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No guessing!

Teaching guessing strategies to children who are not good at remembering written words hinders word reading development.  As David Kilpatrick says, 'Attending to the internal structure of words is the very process needed to store words for future retrieval!  For students weak in phoneme awareness, guessing becomes a compensatory strategy that inhibits the growth of sight vocabulary."

Whenever a struggling student guesses, they miss the opportunity to practise letter/sound recognition, blending and decoding. And quite simply, they miss the opportunity to learn to read the word.

However, this is not quite so important for those luck enough to learn reading easily. 

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Don't blame the teachers!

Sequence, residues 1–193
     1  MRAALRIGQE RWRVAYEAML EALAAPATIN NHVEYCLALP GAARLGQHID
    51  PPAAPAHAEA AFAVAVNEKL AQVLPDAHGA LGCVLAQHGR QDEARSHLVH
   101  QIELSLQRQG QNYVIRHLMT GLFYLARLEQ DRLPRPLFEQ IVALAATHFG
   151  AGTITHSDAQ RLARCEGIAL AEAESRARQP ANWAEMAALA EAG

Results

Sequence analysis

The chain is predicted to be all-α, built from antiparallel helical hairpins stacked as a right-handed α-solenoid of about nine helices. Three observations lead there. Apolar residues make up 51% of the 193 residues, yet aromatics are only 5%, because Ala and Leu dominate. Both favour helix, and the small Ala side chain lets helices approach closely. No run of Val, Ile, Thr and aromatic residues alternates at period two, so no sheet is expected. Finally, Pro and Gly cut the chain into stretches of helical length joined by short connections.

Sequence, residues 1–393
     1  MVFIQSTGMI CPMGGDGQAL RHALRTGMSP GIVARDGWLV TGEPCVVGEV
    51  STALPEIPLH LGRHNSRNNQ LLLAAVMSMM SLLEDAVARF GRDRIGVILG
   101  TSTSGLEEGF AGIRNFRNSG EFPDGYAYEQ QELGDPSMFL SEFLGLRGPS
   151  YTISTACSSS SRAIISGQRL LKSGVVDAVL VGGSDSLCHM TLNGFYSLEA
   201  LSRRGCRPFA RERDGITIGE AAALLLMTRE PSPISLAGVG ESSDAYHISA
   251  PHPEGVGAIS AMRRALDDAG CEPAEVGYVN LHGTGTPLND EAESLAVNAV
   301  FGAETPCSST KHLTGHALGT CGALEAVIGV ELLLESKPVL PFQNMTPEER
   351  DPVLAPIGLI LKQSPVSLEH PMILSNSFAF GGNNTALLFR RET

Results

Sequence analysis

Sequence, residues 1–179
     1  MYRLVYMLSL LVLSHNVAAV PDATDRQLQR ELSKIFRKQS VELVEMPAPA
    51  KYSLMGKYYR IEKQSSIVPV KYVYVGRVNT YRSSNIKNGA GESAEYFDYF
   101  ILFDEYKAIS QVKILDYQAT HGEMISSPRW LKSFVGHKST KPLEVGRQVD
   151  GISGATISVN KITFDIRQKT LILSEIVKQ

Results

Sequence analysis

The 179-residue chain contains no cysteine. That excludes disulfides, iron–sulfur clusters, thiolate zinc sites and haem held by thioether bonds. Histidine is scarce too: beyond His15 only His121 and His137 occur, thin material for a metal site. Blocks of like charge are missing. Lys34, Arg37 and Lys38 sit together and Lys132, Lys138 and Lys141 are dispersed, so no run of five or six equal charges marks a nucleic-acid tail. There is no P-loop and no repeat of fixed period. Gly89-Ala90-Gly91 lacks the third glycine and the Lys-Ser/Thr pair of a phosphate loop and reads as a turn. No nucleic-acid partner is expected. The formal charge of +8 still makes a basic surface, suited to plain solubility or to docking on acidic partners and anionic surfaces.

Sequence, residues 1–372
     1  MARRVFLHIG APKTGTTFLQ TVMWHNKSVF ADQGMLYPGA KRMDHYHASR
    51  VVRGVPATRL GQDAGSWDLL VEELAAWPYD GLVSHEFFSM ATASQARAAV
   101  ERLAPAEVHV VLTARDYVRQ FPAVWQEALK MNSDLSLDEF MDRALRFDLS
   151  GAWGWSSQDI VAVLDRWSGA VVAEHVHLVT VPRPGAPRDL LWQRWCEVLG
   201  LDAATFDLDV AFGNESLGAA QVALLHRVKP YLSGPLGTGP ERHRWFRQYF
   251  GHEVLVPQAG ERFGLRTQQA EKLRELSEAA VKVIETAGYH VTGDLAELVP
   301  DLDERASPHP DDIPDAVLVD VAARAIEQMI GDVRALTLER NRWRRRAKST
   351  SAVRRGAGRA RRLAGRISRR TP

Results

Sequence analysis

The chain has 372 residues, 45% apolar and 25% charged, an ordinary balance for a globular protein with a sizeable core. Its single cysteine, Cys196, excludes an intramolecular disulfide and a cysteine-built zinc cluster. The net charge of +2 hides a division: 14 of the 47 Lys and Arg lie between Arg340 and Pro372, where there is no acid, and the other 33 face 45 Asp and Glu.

As reported, The Age, March 21, 2022, '50 per cent of participating teachers (in a study) were not offered professional development related to phonics, despite more than 80 per cent relating their desire to learn about phonics-based approaches.'

'These barriers prevented many teachers from shifting their practice to align with the research evidence. As one teacher observed: “We still use Fountas and Pinnell [a literacy company established in 1996 based on the debunked “balanced literacy” approach to learning], but it is not considered best practice for all students. I am frustrated that we … aren’t setting all children up for success.”

Dr Tina Daniel is a researcher at Deakin University who focuses on the teaching of early reading, social justice and humanitarian approaches to teaching and learning.

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